The Jayhawks welcome in a Texas Tech team that should be feeling pretty good about itself after a narrow loss against Kentucky and a comfortable win against West Virginia. The Red Raiders struggled to start the season but have been a top-15 team via Torvik in the month of January, despite going just 4-4 this month. Kansas, meanwhile, has righted the ship after an ugly 8 minutes against Baylor and is one point away from having 5 double digit victories in its last six games.
Texas Tech’s offense has rounded in to form nicely in Big 12 play, with the Raiders ranking 2nd in the league in both 2 and 3-point percentage, resulting in a league leading effective field goal percentage (EFG). They have, however, finished under .85 points per possession in three of their seven conference games.
For the season, Tech has scored over 1 point per trip against Torvik top-50 teams just twice in nine tries. One major problem has been the turnovers. Texas Tech turns it over on more than 20 percent of its possessions, and while Kansas doesn’t force a ton of turnovers, they have been relatively opportunistic on that end and may put more of a focus on forcing them tomorrow in an effort to score in transition rather than against a set defense.
Speaking of scoring against a set defense, even though Texas Tech ranks 15-ish spots lower defensively this year via Torvik than they did last year, I think one could make the argument last year’s defense was a bit overrated while this year’s defense is a bit underrated. Last year, opponents took over 40 percent of their shots from three against Tech, and it almost seemed like part of their strategy was to allow open threes (given how many they allowed). Yet, opponents shot just 29.7 percent from deep against the Red Raiders. This year’s team isn’t allowing a super high percentage either, just 32 percent, but they are allowing teams to shoot just 36 percent of their shots from three, and have been especially stingy as of late. That doesn’t necessarily effect Kansas, who has one of the most efficient 2-point attacks in the country, but it is something to watch going forward.
Another place Tech excels is at forcing turnovers. The Raiders rank 12th nationally, and while Kansas is 3rd in the Big 12 at not turning it over, the Jayhawks have struggled against the better teams on its schedule. Although (and this is admittedly more memory based than anything), a bulk of those turnovers seemed to come with the 2-big lineup in the game, and specifically came against teams whose big men were adept at forcing turnovers. Texas Tech doesn’t really do that, and I think Kansas will be able to take care of the ball a little better against them than they did against Duke and Colorado and Stanford, all teams with athletic bigs who are good defensively.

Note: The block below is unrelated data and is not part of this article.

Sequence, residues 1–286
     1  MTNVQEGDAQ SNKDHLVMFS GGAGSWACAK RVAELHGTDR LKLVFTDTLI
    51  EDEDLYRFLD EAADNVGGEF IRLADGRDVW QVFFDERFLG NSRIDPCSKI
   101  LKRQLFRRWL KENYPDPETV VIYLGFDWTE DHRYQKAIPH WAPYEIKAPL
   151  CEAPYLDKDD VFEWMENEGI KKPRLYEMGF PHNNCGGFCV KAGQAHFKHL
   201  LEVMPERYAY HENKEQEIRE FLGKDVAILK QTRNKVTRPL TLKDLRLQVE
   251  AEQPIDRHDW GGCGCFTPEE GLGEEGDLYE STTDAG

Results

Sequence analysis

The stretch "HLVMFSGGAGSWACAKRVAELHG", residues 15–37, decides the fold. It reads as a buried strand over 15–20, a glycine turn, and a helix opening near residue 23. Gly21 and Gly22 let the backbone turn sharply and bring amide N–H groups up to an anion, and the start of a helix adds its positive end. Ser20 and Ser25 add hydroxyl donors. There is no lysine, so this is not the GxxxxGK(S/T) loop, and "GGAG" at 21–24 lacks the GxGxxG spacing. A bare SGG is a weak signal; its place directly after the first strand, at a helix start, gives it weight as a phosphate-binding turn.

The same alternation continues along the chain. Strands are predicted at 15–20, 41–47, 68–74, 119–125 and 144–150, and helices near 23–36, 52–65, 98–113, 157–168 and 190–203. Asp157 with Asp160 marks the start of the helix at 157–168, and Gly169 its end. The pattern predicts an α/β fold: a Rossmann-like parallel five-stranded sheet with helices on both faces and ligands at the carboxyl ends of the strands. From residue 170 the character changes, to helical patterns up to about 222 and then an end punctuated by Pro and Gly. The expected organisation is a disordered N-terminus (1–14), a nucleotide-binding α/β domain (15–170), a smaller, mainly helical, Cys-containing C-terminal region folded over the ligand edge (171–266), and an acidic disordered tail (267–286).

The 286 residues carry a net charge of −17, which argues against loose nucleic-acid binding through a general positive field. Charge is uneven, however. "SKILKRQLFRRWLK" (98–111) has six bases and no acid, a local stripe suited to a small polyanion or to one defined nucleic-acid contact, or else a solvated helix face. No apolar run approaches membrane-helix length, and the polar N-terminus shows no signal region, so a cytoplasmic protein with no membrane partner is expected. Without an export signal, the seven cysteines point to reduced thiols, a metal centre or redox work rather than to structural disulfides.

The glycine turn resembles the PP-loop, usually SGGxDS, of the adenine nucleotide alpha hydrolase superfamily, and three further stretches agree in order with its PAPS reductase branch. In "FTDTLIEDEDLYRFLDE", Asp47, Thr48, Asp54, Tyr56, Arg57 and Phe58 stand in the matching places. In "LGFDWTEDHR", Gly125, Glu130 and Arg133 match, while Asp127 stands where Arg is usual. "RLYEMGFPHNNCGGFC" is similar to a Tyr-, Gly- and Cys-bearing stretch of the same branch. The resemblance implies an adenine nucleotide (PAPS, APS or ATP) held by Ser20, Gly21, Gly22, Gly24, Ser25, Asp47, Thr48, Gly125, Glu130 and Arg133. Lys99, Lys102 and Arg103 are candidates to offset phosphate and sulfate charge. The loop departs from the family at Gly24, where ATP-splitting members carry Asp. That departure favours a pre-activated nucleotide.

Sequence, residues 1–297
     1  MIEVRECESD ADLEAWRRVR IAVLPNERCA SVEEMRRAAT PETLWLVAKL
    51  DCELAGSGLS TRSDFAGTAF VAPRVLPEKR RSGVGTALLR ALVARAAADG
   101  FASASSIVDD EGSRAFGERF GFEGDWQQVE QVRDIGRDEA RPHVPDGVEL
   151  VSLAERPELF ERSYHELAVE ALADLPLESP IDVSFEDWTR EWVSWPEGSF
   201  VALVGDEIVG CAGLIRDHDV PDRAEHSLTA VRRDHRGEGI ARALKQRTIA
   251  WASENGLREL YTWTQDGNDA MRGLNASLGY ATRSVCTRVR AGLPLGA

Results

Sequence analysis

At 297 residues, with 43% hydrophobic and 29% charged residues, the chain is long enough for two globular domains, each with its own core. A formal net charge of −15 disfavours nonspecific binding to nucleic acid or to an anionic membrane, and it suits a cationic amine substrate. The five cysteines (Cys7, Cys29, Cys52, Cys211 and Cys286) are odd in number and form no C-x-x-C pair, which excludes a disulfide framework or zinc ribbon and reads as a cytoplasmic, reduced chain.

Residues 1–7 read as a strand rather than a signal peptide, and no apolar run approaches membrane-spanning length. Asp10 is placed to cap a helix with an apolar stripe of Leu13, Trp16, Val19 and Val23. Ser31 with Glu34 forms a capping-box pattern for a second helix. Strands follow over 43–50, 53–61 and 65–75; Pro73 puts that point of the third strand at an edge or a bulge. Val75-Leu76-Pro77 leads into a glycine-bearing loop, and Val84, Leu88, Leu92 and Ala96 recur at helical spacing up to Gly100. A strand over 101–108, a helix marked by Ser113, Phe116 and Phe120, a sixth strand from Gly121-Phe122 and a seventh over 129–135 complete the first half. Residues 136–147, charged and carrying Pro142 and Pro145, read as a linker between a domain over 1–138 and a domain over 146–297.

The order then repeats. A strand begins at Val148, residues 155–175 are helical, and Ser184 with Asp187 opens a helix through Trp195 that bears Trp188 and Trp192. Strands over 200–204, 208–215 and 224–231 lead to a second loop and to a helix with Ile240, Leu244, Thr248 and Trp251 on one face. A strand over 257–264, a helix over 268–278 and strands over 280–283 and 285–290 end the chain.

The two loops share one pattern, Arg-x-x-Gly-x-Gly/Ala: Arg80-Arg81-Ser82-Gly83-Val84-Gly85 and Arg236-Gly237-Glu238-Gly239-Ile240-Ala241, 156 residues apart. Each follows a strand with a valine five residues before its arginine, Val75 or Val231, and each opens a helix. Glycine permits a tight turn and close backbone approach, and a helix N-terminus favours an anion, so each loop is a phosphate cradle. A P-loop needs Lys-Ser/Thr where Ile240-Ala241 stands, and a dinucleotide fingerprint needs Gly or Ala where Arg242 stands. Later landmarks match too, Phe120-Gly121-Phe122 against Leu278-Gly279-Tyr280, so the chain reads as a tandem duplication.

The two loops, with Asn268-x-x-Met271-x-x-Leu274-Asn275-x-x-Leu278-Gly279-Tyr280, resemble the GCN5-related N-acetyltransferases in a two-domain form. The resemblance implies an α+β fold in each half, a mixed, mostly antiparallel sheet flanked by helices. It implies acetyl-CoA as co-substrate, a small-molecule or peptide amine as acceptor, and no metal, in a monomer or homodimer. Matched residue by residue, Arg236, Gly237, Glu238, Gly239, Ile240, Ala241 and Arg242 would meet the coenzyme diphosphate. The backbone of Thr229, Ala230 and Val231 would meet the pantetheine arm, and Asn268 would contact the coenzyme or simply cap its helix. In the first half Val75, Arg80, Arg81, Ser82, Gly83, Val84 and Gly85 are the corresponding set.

Players to Watch
Jahmi’us Ramsey, 6-4 freshman guard
Ramsey is close to the team lead in shots at the rim, which is an impressive feat for a freshman who has missed four games. He’s also good from three, shooting over 40 percent. His lone weaknesses are falling in love with the mid range a bit too much and being a relatively poor shooter at the line. I suspect he is likely to draw Marcus Garrett duties.
Davide Moretti, 6-3 junior guard
Moretti reminds me a lot of former Baylor guard Brady Heslip - a guy who will constantly work to get open and someone who is deadly from three. He’s probably not as good at coming off screens as Heslip was, but he has seemingly unlimited range and is shooting almost 40 percent from three on 113 attempts. He won’t venture inside the arc much, but provides valuable spacing for the rest of the Red Raiders.
Chris Clarke, 6-6 senior wing
The other candidate for Marcus Garrett duties, Clarke actually leads the team in assist rate at 35.4 percent, but has a high turnover rate to go with it. He’s also been the team’s best defensive rebounder, and good on the offensive glass as well. Even though Ramsey is Tech’s best player, Clarke’s ability to initiate the offense from anywhere might mean Self will have Garrett attempt to shut him down and force Tech to plan B.
Fun fact, Chris Beard has never held Bill Self to under a point per possession. Kansas has struggled offensively at times this year, and Tech’s defense is underrated a bit, so this might be the time.
Unfortunately for Texas Tech, Kansas has the ability to be absolutely suffocating at times defensively this year. The Red Raiders will need both Moretti and Ramsey to catch fire from deep, and probably will need some unexpected contributions from three as well. Given how dependent they are on Clarke and Ramsey to create offense (and Garrett’s ability to neutralize seemingly anyone he guards) it’s tough to see Tech having the offense to pull the upset. I do think it’s closer than Torvik, KenPom, et al predict, but I think the Jayhawks will win. I’ll say 72-66.
2019-20 Record ATS 9-9